Gas prices fall under $2, as energy savings pile up

20 Jan 2016 | Author: | No comments yet »

AAA Michigan: Gas Prices Fall 7 Cents In Past Week To $1.83.

The national average for gas was $1.998 per gallon. So as savings on everything from gasoline to heating oil pile up, a key question is whether consumers will spend those extra dollars and help drive the economy further.

In the Lower 48 states, the highest average price of regular gasoline is in Los Angeles, at $2.71, while Tulsa, Oklahoma has the lowest, at $1.72, according to Lundberg. Families using natural gas to heat their homes are forecast to see savings of about $117, with a price drop to $560 this coming winter compared to $677 for the 2013-14 winter, estimates Mark Wolfe, director of the National Energy Assistance Directors’ Association, which focuses on home energy assistance. Economists, including Chris Christopher, director of consumer economics for IHS Global Insight, will be watching key data releases this month including a third-quarter reading on GDP, and consumer sentiment and confidence for December. “Employment reports have been good and falling pump prices are helping consumers feel more confident,” Christopher said. Anticipated savings in monthly home-energy costs could further lift consumers. “If the trend persists, they’ll learn to take that money and put it elsewhere,” he said. Plus, consumers dived into Black Friday deals, though the punch of the retail holiday may be ebbing. “Black Friday is not what it used to be,” Christopher said. “Spending and discounting is happening sooner, so Black Friday’s intensity is not as involved.” Looking ahead, the economist forecasts holiday sales to tally in relatively strong, about 3.4 percent growth year over year.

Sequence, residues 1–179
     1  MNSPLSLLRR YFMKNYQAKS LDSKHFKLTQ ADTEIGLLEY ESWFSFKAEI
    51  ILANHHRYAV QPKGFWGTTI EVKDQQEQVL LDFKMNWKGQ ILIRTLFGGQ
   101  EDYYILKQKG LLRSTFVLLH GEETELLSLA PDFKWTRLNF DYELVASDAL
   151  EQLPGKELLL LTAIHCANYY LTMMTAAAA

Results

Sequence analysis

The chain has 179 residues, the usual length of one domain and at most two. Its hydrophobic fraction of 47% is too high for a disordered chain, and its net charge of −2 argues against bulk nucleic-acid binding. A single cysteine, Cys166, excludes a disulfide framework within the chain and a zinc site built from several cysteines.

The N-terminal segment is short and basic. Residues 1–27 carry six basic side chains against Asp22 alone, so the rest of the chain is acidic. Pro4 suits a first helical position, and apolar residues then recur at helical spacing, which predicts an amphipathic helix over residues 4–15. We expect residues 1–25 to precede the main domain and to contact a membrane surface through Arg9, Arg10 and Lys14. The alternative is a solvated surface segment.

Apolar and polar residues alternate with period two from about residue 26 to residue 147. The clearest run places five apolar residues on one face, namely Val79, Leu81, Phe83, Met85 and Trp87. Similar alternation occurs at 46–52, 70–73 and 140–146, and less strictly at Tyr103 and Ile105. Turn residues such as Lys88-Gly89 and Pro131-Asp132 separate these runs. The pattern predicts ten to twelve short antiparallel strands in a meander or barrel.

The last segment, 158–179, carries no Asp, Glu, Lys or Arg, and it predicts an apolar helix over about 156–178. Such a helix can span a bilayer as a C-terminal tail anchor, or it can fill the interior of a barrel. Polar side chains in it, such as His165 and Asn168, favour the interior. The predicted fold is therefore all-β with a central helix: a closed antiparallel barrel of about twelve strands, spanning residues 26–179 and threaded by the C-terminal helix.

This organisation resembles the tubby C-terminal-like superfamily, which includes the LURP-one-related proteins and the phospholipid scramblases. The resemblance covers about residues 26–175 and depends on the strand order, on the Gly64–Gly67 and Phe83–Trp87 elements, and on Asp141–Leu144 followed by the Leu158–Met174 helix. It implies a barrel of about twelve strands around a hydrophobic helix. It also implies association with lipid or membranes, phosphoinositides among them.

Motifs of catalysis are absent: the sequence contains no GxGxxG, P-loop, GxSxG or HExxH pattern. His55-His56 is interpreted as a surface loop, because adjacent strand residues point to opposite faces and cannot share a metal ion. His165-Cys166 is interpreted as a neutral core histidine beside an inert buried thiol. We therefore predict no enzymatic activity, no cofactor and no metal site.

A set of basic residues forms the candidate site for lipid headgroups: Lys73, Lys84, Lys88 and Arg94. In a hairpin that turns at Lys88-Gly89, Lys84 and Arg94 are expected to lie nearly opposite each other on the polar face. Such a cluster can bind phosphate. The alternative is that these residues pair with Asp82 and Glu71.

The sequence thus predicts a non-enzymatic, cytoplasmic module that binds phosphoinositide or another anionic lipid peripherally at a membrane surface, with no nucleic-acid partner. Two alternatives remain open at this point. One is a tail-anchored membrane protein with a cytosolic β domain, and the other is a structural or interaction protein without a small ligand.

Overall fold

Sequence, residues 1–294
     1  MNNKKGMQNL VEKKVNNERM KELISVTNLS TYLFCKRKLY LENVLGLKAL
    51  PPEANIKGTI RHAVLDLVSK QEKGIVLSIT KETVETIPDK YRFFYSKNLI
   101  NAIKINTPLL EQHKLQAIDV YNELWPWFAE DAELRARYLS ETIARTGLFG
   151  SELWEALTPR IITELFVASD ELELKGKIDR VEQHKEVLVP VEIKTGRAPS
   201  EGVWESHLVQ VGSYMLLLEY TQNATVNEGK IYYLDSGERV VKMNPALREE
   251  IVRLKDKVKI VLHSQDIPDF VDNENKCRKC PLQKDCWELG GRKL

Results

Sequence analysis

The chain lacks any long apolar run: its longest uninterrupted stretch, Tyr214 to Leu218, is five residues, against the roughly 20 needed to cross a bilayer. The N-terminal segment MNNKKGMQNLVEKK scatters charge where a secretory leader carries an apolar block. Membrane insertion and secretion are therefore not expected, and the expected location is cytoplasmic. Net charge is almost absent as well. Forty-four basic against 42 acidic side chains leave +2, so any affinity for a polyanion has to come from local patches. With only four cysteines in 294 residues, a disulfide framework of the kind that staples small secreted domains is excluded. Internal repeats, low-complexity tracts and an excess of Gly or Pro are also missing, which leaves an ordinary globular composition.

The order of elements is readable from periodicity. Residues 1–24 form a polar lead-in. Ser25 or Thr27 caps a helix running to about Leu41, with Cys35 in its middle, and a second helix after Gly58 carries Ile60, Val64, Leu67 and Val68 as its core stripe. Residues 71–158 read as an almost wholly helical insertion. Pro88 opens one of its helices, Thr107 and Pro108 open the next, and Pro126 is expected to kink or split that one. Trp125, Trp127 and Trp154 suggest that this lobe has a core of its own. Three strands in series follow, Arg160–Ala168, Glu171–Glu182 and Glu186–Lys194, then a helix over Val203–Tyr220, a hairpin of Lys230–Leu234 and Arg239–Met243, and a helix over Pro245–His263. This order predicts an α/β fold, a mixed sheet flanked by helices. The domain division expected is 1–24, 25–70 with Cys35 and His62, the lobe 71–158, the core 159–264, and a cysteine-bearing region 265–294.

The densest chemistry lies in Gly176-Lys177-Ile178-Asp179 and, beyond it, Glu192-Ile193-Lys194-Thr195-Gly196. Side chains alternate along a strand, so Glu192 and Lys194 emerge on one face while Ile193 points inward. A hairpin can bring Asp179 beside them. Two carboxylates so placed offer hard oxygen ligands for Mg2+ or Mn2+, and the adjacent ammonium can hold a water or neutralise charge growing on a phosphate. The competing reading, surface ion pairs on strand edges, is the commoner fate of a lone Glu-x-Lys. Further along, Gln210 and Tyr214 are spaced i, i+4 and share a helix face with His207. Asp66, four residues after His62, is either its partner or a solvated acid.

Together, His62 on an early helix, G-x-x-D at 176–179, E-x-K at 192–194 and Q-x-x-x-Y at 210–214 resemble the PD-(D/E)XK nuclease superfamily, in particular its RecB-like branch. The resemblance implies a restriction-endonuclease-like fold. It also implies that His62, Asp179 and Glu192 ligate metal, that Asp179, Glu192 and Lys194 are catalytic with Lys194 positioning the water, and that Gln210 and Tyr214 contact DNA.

The personal saving rate, which measures the share of a person’s disposable income that is saved, was 5.6 percent in October, a notch higher than the prior month, according to government data. “Why isn’t this money moving into the economy like it should?” asked Wolfe of the Energy Programs Consortium. But Christopher of IHS notes the October data was as much about consumers stashing their income from rising wages, not so much that spending was subdued in certain areas. Moody’s dropped its price assumption in 2016 for Brent crude oil, the international benchmark, to $43 from $53 per barrel and for West Texas Intermediate (WTI) crude, the North American benchmark, to $40 from $48 per barrel.

This combo of ample production and rising gasoline inventories are likely to keep pump prices relatively low. “And barring any unforeseen shifts in market fundamentals, averages are likely to continue to decline leading into 2016,” according to AAA. And despite short upticks, natural gas prices are also at multiyear lows, as warm weather has hit the prime winter heating season. “Heating degree demand has been weaker than expected in pretty much every metro area,” said Paul Hickey, co-founder of the Bespoke Investment Group. “I think the longer-term trend is continued weakness here,” Hickey told CNBC on Dec. 14.

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